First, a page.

This week, the Peter Greenberg Worldwide Radio Show features a special rebroadcast from the Omni Homestead Resort in Hot Springs, Virginia that originally aired on August 27, 2016. The Omni Homestead Resort is part of the Historic Hotels of America, which was founded in 1989 by the National Trust for Historic Preservation. Celebrating 250 years of service, the Omni Homestead Resort is an iconic hotel with 2,300 acres of lodging, dining, and recreational activities, allowing generations of families to enjoy its mix of history and modern amenities. The Resort is home to the historic Jefferson Bath Houses, which have natural hot springs from the Allegheny Mountains. After a fire in 1901 destroyed the original hotel, the current resort began to take shape through restoration projects over the years, growing from its humble 18-room lodge to the now 483-guest room resort.
Joining Peter Greenberg on the program will be Julie Langan, Director of the Virginia Department of Historic Resources, who explains the restoration process of the Jefferson Bath Houses and how the resort plans to maintain their rustic charm. Brian La Fountain, Omni Homestead’s Naturalist, talks about the beauty of Hot Springs, Virginia and why his hikes are the most popular activity at the Resort, regardless of the weather. Also, Charles Leocha, the Chairman and Founder of Travelers United, discusses hidden resort fees and what travelers need to expect when making reservations. There’s all of that and more when a special rebroadcast of the Peter Greenberg Worldwide Radio Show airs from the Omni Homestead Resort in Hot Springs, Virginia.
Click here to listen to the show streaming from 10 a.m. until 1 p.m. ET on Saturday, October 14, 2017.
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Charles Leocha, Chairman and Founder of Travelers United, discusses his battle with getting resorts to disclose their hidden resort fees. Unless travelers know everything they are going to be paying for up front, there is no way for them to conduct a true price comparison.
Scott McCartney, Travel Editor for The Wall Street Journal, describes some of the most outlandish amenities you can find on a private jumbo jet. These planes are outfitted with showers, bathtubs, multiple rooms, and more. Even the most affluent buyers sometimes consider the 787 to be over the top and stick with smaller private planes.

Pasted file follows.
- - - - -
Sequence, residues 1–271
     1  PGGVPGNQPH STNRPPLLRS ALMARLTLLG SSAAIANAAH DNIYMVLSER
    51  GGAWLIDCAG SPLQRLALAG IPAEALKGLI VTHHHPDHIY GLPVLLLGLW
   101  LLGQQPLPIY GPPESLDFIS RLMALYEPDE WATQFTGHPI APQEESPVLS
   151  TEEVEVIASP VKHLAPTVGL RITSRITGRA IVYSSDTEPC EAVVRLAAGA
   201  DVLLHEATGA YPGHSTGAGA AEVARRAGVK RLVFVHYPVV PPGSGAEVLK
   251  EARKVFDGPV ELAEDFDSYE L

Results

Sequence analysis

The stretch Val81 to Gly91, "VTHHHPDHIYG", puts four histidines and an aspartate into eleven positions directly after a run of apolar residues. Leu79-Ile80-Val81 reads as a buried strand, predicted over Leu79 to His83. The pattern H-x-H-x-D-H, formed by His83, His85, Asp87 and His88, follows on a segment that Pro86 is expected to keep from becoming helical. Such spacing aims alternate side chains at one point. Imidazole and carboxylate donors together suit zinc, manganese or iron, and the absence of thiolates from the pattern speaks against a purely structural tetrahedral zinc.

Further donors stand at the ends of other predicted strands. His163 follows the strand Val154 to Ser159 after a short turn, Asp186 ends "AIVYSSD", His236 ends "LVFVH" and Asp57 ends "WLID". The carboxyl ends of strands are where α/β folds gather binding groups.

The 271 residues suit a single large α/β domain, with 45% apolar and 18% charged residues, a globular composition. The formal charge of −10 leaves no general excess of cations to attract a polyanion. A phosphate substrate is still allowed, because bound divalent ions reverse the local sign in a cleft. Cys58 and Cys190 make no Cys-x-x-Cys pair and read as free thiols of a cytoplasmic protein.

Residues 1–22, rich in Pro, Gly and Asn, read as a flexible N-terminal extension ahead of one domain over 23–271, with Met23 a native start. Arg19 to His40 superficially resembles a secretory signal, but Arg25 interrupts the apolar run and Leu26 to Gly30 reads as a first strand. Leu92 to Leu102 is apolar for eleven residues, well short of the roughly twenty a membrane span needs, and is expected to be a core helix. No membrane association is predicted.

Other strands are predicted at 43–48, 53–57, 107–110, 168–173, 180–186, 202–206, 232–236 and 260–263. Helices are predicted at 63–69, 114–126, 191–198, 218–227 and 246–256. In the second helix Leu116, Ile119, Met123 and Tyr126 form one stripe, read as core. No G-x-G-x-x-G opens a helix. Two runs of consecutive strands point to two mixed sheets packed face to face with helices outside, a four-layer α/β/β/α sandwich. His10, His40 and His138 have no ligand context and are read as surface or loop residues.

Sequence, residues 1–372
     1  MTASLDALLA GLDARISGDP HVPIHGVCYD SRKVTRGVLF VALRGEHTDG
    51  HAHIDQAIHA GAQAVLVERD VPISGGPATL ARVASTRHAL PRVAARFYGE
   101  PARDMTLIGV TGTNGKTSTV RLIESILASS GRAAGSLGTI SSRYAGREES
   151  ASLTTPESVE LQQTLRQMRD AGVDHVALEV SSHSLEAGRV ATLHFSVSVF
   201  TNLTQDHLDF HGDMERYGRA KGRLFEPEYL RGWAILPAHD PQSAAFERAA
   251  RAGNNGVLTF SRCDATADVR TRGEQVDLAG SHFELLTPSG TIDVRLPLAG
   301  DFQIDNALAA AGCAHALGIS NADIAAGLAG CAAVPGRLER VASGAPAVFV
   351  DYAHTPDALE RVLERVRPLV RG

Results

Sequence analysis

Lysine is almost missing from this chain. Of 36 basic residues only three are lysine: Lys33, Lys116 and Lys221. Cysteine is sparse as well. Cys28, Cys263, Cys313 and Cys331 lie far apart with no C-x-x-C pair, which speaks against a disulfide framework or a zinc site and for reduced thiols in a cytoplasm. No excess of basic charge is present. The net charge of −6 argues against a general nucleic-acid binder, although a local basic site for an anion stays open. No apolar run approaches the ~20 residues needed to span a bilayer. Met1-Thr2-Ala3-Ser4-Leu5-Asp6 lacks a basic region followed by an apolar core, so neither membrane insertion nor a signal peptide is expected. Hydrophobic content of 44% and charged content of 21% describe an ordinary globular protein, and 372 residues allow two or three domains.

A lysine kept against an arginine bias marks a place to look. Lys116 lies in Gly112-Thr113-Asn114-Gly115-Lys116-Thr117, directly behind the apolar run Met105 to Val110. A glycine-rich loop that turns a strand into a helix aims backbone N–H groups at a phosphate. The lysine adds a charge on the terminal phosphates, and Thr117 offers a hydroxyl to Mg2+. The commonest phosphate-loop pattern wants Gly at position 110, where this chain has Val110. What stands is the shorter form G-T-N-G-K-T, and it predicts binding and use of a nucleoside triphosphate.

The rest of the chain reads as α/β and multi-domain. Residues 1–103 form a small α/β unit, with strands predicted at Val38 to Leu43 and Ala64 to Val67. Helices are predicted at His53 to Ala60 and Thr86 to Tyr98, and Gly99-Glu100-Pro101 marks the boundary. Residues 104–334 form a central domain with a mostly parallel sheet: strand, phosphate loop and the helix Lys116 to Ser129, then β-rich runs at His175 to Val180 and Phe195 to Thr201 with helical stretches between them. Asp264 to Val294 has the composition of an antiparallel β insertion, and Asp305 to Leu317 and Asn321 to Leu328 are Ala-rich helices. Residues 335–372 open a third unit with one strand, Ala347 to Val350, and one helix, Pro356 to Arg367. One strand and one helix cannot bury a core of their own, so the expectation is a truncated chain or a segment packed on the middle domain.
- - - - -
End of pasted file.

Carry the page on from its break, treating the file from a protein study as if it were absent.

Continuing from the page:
Julie Langan, Director of the Virginia Department of Historic Resources, explains the restoration process of the Jefferson Bath Houses. The Gentlemen’s pool house is the oldest spa structure in America and the Omni Homestead is making strides to preserve the original buildings. Their rustic nature is their charm and there is no intention of completely rebuilding them, but rather reinforcing them using authentic materials of the late 18th and early 19th centuries.
Gibson Worsham, Member of the Cultural Studio and a historic preservation specialist for Glave & Holmes Architecture, describes his involvement in the Bath House restoration process. Restoring the historic buildings has been a 15-year labor of love for him. He also designed the Omni Homestead’s Allegheny Springs.
Margo Oxendine, Contributing Writer for The Recorder, talks about growing up in Hot Springs, Virginia, moving away, and why she loves being back. As a child, her father was the head of security for the Omni Homestead Resort, giving her access to all of the back of the house tunnels that most people never get to see.
Brian La Fountain, Omni Homestead’s Naturalist, shares why he feels lucky to come to the Omni Homestead Resort for a living. He refuses to call giving hiking tours a job because he feels it is his calling and loves sharing the lush green foliage of Virginia with the guests of the Homestead. He gives tours all year round and is in constant awe at the amount of people who join him daily, no matter the weather. It may also surprise people to know that his hikes are the most popular activity at the Resort.
Don Ryder, Former Director of Golf and fifth generation employee of the Omni Homestead Resort, explains how the Homestead is one of the most integral parts of the community. Almost everyone in Hot Springs has worked for the Homestead at some point. He also describes the golf course, teeing off from America’s longest continuously running golf tee, and his friendship with golf legend, Sam Snead.
Greg Barnhill, Omni Homestead Resort Executive Chef, dives into the history of dining at the resort and shares some secrets about what makes its donuts world famous (hint: lots of sugar!). He also explains the task of adjusting for the Virginian palate which involves a lot of comfort foods. He can’t believe how many still love the baked Alaska, but he has to make it everyday.
By Darra Stone and Rian Rikard for PeterGreenberg.com